Hannover Re's Kate Ramsay examines the effect on the insurance market of new recommendations for the safe alcohol limit.
You may have noticed the government proposed new alcohol guidelines in January (rather kindly waiting till the sherry and mince pie season had passed!)
These new recommendations suggest a maximum of 14 units per week for both men and women (reduced from 21 for men); advice to spread the units over the week rather than bingeing them in one session; and to have some alcohol-free days (1).
If nothing else, this helped those of us doing ‘Dry January’ to feel more smug than usual!
These aim to replace the 1995 guidelines, which have been under review since 2013. The government’s alcohol strategy set out proposals to ‘crack down on our binge drinking culture, cut alcohol-fuelled violence and disorder that blights too many of our communities, and slash the number of people drinking to damaging levels’ (2).
Alcohol has been linked to increased risk of development of heart disease, stroke, accidental death and seven types of cancer: breast, mouth, throat, oesophageal, bowel, liver and laryngeal.
We have understood the link between a heavy alcohol intake and these diseases for some time.
However, researchers have found it harder to understand the link between a low alcohol intake and cancer: other factors need to be excluded such as diet (3).
"But there’s a protective effect of alcohol. Red wine is good for the heart, isn’t it?"
Unfortunately, there is conflicting evidence that this is the case, unless you happen to be a 55-year-old woman drinking about two glasses of wine a week.
The advice on regular drinking is founded on the evidence that if society drank the same or higher than the limits advised, any protective effect from alcohol on mortality would be overridden.
The risk of dying from an alcohol-related condition has been estimated to be about 1% over a lifetime.
This level of risk has been compared with risks from some other regular or routine activities, such as driving (4).
A question we’ve been asked a few times is: “What does this change mean for the insurance industry?”
I’m not talking about those boozy conferences we’re rumoured to enjoy: I mean for the difficulty we sometimes have in assessing it at underwriting and claims stage. It’s fair to say we have a bit of a love/hate relationship.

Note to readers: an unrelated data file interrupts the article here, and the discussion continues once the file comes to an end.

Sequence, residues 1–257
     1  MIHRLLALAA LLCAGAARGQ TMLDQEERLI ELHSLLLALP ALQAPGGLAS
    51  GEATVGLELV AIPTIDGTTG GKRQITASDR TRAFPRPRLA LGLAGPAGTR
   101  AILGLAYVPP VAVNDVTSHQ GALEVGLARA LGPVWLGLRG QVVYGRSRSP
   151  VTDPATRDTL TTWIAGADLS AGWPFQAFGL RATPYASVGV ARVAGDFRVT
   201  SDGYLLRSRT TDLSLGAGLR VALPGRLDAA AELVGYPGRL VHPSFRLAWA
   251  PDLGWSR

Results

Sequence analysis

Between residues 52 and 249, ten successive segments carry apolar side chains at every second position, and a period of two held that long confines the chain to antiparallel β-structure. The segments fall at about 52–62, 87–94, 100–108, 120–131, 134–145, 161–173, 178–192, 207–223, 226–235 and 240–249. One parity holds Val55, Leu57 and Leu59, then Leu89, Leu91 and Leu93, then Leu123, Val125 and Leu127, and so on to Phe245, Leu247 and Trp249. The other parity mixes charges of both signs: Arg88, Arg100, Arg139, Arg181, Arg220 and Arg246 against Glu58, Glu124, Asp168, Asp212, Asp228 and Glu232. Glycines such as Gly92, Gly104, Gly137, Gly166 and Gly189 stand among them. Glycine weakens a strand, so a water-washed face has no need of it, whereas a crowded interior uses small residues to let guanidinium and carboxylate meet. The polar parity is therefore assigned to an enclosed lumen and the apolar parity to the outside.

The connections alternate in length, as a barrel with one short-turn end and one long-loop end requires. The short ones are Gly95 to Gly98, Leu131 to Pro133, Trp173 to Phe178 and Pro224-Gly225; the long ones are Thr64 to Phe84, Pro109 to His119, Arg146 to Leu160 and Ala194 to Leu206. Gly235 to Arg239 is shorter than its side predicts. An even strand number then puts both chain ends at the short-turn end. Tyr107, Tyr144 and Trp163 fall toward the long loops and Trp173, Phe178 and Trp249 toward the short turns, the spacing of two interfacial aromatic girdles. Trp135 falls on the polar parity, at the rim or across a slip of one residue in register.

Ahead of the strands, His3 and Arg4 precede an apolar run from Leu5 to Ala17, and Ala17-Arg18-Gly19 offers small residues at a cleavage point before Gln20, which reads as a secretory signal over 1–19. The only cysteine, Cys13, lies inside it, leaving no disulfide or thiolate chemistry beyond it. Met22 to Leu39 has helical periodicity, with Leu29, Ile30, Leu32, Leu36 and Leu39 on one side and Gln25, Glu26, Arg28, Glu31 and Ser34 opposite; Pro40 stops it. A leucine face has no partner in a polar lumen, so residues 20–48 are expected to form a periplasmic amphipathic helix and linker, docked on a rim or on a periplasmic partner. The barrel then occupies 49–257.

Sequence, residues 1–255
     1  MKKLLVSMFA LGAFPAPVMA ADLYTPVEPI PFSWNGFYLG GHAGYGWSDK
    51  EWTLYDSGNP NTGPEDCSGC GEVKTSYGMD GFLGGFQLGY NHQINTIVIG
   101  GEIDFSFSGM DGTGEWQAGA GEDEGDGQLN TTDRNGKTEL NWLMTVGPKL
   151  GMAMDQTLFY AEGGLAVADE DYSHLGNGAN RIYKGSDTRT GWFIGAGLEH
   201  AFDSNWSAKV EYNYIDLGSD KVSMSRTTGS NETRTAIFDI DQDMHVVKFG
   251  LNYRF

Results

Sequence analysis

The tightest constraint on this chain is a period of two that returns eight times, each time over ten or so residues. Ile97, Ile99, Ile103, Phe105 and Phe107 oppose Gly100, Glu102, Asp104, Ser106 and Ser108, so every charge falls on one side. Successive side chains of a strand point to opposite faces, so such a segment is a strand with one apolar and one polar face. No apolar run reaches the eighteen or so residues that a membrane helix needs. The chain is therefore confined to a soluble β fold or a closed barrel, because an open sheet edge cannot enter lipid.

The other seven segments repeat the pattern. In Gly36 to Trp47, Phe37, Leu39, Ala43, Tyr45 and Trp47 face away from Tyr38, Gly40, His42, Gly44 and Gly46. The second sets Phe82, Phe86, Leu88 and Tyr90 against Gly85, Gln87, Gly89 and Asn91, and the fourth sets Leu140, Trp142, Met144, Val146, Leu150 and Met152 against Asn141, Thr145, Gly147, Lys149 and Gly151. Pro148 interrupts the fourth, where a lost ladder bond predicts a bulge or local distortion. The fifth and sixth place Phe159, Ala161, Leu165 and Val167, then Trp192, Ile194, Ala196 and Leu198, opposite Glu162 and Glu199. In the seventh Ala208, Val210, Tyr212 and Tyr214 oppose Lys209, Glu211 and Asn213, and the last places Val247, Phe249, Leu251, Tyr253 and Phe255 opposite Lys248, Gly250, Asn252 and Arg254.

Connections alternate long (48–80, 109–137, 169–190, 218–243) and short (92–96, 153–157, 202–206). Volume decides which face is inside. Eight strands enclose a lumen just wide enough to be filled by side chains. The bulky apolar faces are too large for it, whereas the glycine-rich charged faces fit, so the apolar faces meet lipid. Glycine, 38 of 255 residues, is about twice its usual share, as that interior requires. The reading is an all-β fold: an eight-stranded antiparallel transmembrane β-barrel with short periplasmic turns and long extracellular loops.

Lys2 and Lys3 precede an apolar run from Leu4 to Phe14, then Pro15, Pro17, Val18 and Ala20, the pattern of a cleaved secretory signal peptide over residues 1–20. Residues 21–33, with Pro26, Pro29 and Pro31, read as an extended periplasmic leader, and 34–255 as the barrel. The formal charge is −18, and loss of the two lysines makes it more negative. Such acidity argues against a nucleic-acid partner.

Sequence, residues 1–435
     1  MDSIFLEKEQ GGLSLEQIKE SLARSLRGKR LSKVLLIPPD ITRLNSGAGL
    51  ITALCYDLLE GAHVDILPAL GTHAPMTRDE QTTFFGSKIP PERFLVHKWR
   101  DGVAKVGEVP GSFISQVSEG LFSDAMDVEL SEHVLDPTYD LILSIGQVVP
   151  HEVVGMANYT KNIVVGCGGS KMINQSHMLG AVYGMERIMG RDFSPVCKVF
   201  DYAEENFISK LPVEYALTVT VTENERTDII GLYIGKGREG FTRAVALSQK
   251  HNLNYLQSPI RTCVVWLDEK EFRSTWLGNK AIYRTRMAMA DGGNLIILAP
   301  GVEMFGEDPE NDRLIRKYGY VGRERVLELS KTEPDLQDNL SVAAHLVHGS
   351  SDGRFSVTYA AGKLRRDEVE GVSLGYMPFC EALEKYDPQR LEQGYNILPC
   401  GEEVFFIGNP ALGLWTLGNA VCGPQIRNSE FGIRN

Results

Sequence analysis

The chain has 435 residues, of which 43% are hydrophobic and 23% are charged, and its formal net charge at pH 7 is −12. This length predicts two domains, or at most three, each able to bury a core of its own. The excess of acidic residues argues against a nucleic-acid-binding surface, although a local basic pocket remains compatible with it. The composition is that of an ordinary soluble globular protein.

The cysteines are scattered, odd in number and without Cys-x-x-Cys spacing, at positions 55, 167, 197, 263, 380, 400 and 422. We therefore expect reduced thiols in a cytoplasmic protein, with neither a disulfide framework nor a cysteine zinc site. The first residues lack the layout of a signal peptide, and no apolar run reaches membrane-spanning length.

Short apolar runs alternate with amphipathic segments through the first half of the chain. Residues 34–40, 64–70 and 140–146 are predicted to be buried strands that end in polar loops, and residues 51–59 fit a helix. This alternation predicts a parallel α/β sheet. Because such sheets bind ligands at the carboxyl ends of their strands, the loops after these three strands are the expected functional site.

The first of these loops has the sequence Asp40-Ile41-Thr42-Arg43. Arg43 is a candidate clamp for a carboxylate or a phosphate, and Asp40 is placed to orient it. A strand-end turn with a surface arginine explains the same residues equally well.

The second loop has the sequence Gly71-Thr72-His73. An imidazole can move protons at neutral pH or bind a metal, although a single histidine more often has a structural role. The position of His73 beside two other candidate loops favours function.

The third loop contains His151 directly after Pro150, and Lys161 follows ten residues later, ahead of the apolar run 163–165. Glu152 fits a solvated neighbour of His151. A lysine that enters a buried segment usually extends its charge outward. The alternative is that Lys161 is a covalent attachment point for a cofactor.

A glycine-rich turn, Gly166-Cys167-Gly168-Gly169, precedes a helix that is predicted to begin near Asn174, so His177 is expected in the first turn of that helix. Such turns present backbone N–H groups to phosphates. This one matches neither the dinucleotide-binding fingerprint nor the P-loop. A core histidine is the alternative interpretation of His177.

Our wet culture
The UK has what is termed as ‘a wet culture’ (and that’s not just the weather). So, the price set at quote stage using actuarial data should already account for alcohol patterns in the population to some degree.
Unfortunately, we’re well aware of the hazard alcohol can play in accidental deaths, as well as contributing to some cancer claims. Alcohol can be one of the biggest causes of misrepresentation found at claims stage and we have been working to transform this.
A few years ago, a typical application form question to assess an applicant’s alcohol intake would have looked something like this.
‘Do you drink less than 35 units of alcohol per week?’ is a straightforward question. However, it could be criticised for being somewhat leading.
Units of alcohol may not be a measure that customers are fluent in either and can differ widely depending on the size of the measure and the ABV% of the drink.Application forms today generally ask for number and type of drinks per week.
More importantly, whether the applicant has been advised by a medical practitioner to reduce their alcohol consumption, or been referred to counselling or Alcoholics Anonymous.
Some companies ask about disqualification from driving. In the US, they link directly with MIB (Motor Insurance Bureau) to gather risk information from there. Even though questions at underwriting stage are more robust now, there may still be difficulty in obtaining an accurate disclosure.
There was a fascinating study last year that measured what people said (or thought) they drank, and compared it with alcohol sales.
According to the study: ‘The equivalent of more than three-quarters of a bottle of wine (or about three pints of beer) per drinker every week goes unaccounted for. Or, to put it another way, 12 million bottles of wine a year.’ (5).
This highlights the difficulty that a customer may have in calculating their alcohol intake, and a claims assessor in believing it.
Screening for alcohol is not commonplace in our market. It’s hard to accurately measure the impact of alcohol by means of a blood test. (A breathalyser is of course helpful only in acute situations).
Medicine’s port of call would be liver function tests: generally we will be looking for a raised gamma-glutamyl transpeptidase (GGT) or AST/ALT (transaminase) levels.